As you may know, the honorable Ward 8 Alderman took time out of his duties Thursday night to meet with 40 people or so who cared to come to the Eastport Fire Station to discuss the issues du jour.
Despite the fact that I do not live in a ward that is numbered 1 or 8, I was allowed to express my opinions on the aforementioned issues.
I have to say that I was reasonably pleased with what Mr. Arnett had to say, which is saying nothing in response to the accusations of constituents that he had been unreachable to say anything. He is laid back, pleasant, intelligent, and a retired economist*.
(Being an economist is an automatic +9267 on the 10,000-point awesome scale. However, being a Democrat is an automatic -3190. So to analogize, ceteris paribus, he's a Honda Accord--not an Aston Martin, but not a Prius.)
Alderman Arnett spent much of his time (or at least much of the time that I was there), talking about crime. He expressed frustration that even as a member of the Public Safety Committee, he is limited in his power to affect change in the police department. He informs that said committee is taking a more proactive approach than ever before, soliciting independent audits of techniques and technologies employed by our law enforcement unit.
Alderman Arnett suggested that the results of the audit will serve as a blueprint for the new police chief, but refrained from calling for Chief Johnson's resignation, stating only the most obvious caveat: that a new chief will come "eventually".
He also spent some time talking about the idea of a city manager, which would effectively (depending on the language of any proposed charter amendment) transfer authority from the mayor to the city council. Mr. Arnett pointed out that the mayor currently has 3 roles:
1. Vote on the City Council, over-seer of the legislative agenda.
2. CEO of $77 million city 'corporation'.
3. Ribbon-cutting, baby-kissing, Annapolis ambassador to the world.
This is a lot to do, and is a lot of power concentrated in one place. So much so that the city council can't do their job, even when they agree that a problem needs to be fixed (i.e. police recruiting).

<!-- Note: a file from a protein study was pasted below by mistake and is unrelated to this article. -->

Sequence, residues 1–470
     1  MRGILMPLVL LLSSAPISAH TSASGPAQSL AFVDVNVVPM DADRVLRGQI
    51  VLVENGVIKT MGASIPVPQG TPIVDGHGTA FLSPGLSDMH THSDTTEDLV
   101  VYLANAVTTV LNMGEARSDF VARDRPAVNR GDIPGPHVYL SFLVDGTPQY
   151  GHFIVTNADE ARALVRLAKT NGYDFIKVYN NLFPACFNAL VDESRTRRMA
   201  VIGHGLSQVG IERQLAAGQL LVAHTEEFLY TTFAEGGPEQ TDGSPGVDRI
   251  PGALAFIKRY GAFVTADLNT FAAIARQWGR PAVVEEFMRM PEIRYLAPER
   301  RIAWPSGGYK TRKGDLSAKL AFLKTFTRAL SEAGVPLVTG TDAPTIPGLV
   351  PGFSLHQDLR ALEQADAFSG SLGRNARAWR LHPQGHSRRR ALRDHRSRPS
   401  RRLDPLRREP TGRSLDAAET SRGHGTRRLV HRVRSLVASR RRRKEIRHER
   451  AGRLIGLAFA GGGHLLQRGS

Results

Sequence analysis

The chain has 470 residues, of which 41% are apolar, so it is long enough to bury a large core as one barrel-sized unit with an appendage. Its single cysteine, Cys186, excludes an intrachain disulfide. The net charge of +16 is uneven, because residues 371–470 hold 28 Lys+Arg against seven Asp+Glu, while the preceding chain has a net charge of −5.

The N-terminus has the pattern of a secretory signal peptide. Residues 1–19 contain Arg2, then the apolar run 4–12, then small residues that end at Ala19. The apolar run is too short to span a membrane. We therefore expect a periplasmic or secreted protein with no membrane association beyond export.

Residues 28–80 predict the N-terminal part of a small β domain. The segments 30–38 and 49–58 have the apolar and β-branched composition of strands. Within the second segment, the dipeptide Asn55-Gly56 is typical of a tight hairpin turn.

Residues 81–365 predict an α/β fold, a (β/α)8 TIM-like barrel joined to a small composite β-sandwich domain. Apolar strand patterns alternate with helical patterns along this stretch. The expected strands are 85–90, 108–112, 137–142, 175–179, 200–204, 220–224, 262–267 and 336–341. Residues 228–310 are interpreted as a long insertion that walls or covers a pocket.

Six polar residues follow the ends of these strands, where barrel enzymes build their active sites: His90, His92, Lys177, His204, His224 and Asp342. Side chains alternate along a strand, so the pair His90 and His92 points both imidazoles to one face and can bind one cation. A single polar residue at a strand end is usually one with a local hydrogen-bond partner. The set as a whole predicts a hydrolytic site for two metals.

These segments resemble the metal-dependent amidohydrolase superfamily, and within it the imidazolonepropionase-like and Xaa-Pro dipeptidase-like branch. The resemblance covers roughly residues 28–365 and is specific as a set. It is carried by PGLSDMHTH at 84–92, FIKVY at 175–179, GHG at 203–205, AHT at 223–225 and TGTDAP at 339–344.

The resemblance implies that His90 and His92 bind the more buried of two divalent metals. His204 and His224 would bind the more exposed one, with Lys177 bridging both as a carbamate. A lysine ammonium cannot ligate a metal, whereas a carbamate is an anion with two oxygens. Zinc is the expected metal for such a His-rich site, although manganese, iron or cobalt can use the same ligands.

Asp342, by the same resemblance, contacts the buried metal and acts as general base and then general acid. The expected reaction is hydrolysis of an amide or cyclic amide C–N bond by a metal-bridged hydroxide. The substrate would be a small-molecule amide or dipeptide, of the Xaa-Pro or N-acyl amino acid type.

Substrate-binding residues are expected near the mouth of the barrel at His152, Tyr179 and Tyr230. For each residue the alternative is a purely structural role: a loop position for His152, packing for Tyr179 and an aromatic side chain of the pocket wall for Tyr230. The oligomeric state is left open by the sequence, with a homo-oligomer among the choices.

A city manager form of government addresses this problem. A city manager is (ideally) hired by the city council, and serves at their whim. He (or she!) can hire and fire city personnel, and is responsible for the day-to-day operation of the city (the corporation).
The city manager is accountable to the citizens via the aldermen--not the mayor. Citizens put pressure on their aldermen to fix a problem. The city council can then legislate--which they can do now--but they can also put pressure on the city manager by saying "If you don't shape up XXX department, we will egg your house at night", etc.
I think this is a good idea, and so does Mr. Arnett. He claims to be well along in a bill co-written with Alderman Isreal, the recognized guru of governmental procedures, that will introduce some type of city manager provisions into the charter.
The question is: exactly what do they propose to do? From the small bit that I heard, it sounds like the provisions might be focused on changing the job description of the city administrator. The currently city administrator is appointed by the mayor, and basically does whatever the mayor doesn't want to do...for a salary of $120,000. What this has amounted to thus far is merely the supervision of our sister city program, or so I've heard.
The current city administrator position is not a division of power--just a waste of money. All the power is through the mayor, and the city council can't really do anything about it.
I am happily surprised that this idea is preempting the 2010 charter review, and if the proposed city manger has hiring/firing power and is accountable to the council (i.e. not the mayor), it is a step in the right direction.